Topic: Hurricane, tropical storm or super typhoon? Here is what to know about Asia’s most dangerous weather systems
A typhoon is a storm of damaging proportions. Also known as hurricanes across the Atlantic Ocean, the most dangerous weather systems in the Asia-Pacific region are most likely to hit Taiwan from July to October.
But, what’s the difference between tropical depressions and super typhoons?
There are four types of destructive storms in the Asia-Pacific region which, unlike earthquakes, are somewhat predictable.
The tropical depressions — wind speeds of 29 mph (46 kph) or less; the tropical storms — wind speeds between 29 mph (46 kph) and 55.5 mph (89 kph); and, the typhoons, also known as hurricanes — wind speeds between 55.5 mph (89 kph) and 114.5 mph (183 kph).
Super Typhoons, which are equivalent to a category 5 storm, have wind speeds greater than 114.5 mph (183 kph).
In addition to bringing damaging winds, typhoons can drop incredible amounts of rain. Owing to the mountains running the length of the island, these storms can sometimes drop rain in excess months of regular precipitations.
應該準備什麼？｜What should you prepare?
In case of a typhoon, you should prepare a disaster supplies kit for home, including a first aid kit and essential medications.
Disaster preparedness officials recommend that you have enough food, water, batteries, and other emergency supplies to last at least 1 day.
In case of water cuts, think of rushing to a convenience store next door to buy some drinkable water and some instant noodles.
Remember to charge up electronics, secure extra water and batteries, and fill up your car ahead of the weekend. You can also run a bathtub full of water for a large supply of emergency water, in case the water supply is interrupted.
Typhoons are dangerous not only because they can cause bodily injury and damage to property, but strong winds can also knock down power lines and disrupt the water supply. Source article: https://chinapost.nownews.com/20210911-2762480
Topic: Typhoonless year brings water shortage in fall/winter
Most years, Taiwan is hit by typhoons during the summer and fall, but we have yet to see a typhoon this year. This unusual situation has put pressure on water supply levels in reservoirs around Taiwan.
Due to global warming, the typhoons generated in the Pacific Ocean this year have all moved northward, bypassing Taiwan. Although successive fronts and afternoon showers have brought rainfall, it was only fragmented, covering limited areas and did little to replenish reservoirs. As a result, the reservoir storage this year is lower than in previous years.
According to the Water Resource Agency, as of 2pm yesterday, the Shihmen Reservoir’s water storage was 44 percent of capacity, the Feicuei Reservoir’s was 62.3 percent and the Zengwen Reservoir’s was 31.3 percent. Two of the three major water reservoirs have less than 50 percent of their water storage capacity.
In order to prepare for demand for water next year, the government has decided to implement three measures to control water usage. Firstly, starting from last Wednesday, night water pressure in the Taoyuan, Hsinchu and Miaoli areas was to be lowered from 11pm through to 5am the following day. Secondly, the irrigation of some areas of Taoyuan, Hsinchu and Miaoli was to be suspended, and farmers affected by the measures will receive government compensation. Thirdly, the Ministry of Economic Affairs is setting up a central drought response center to better respond to the crisis and to distribute water resources according to needs. Taiwanese are advised to take water-saving measures.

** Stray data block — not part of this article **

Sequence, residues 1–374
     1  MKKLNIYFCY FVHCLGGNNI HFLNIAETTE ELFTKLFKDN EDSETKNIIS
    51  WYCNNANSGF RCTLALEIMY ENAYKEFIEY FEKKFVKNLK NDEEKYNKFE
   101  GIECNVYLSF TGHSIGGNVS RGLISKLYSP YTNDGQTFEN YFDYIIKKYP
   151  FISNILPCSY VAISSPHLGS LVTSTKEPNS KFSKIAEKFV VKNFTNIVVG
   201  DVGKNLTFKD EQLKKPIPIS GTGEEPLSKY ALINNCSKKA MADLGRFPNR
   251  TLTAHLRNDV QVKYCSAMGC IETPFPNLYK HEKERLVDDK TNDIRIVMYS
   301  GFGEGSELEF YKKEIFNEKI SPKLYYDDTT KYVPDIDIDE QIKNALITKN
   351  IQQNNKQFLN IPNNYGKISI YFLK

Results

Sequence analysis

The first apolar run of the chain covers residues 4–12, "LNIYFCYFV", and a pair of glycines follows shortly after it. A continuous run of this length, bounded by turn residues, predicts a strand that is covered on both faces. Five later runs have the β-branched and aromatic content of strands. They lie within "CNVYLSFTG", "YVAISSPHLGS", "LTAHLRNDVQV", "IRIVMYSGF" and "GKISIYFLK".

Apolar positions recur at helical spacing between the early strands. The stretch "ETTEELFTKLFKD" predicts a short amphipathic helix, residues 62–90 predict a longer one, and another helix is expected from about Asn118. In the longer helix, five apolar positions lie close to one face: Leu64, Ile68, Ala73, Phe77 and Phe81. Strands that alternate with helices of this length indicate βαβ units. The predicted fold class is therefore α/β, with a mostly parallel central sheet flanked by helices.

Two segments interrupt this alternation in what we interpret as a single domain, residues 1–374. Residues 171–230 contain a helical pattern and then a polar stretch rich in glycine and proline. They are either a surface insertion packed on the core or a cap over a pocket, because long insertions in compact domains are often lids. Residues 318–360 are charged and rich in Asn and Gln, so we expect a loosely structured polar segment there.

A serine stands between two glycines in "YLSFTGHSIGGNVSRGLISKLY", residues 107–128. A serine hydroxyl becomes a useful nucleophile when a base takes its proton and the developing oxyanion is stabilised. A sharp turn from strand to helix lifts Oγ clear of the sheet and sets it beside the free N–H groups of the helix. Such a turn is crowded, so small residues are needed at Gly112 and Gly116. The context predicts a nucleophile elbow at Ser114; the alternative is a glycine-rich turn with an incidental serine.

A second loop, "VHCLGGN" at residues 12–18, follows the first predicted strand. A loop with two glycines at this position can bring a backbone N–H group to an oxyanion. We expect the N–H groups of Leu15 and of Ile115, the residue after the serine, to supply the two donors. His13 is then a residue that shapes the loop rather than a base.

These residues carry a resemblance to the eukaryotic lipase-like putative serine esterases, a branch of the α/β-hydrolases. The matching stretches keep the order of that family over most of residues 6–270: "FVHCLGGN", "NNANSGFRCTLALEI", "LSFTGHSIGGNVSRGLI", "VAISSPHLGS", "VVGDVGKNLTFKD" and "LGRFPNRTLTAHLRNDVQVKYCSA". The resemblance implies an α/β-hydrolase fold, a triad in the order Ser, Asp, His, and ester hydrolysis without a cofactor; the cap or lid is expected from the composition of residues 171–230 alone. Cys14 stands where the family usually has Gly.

為審慎因應明年用水需求，政府實施三項因應措施。第一，桃竹苗中自上週三起，每天晚上十一點至隔日清晨五點實施減壓供水；第二，桃竹苗部分地區的農田，將停止供灌，政府也會給予補償，維持農民生活；第三，經濟部將成立抗旱中央應變中心，拉高應變層級，做好調度節水，更請全民配合省水。Source article: https://www.taipeitimes.com/News/lang/archives/2020/10/19/2003745390
Topic: Wax apples price rise expected due to premature drop caused by weather
Wax apples are popular gifts during the Spring Festival season in Taiwan. The fruit’s major producing area is the coastal townships in Pingtung County such as Donggang, Fangliao and Nanjhou. However, since 2016, wax apple production has been affected by adverse weather, including the strongest cold stream for 10 years and the effect of typhoons in 2016. This year’s anticipated bumper harvest never arrived, hampered by the unexpected low temperatures brought by the cold stream early this month. Prices for the popular Spring Festival gift are expected to have increased by the time of the holiday.
This year’s first cold stream hit Taiwan in early January. It was initially hoped that wax apples would not be overly affected, but temperatures turned out to be as low as 5 degrees Celsius, as measured by a farmer in Pingtung’s Nanjhou Township. The delayed chilling injury is now in play, resulting in a sharp decrease in production. Even the fruit that survived have blackened spots on their skin, due to the effects of frostbite. The estimated output has dropped by at least 50 percent.
The affected batch of wax apples was originally due to be ready to ship in about 1-2 weeks. However, the recent cold stream sent the temperature in southern Taiwan plunging to 9 degrees, and then back up to 27 to 28 degrees when the sun came out. The considerable temperature difference caused serious premature drop in wax apples, by an estimated 30 percent. To prevent further loss, farmers have harvested wax apples and put them on the market, explaining why prices have yet to increase. However, by the time of the Spring Festival, when the supply of wax apples will have fallen dramatically, it is estimated that their price will rise 20-30 percent, making them cost NT$700-800 per kg. This is still less expensive than last year’s price of over NT$1,000 per kg, the result of the strongest cold stream in 10 years.
Source article: http://www.taipeitimes.com/News/lang/archives/2018/01/24/2003686300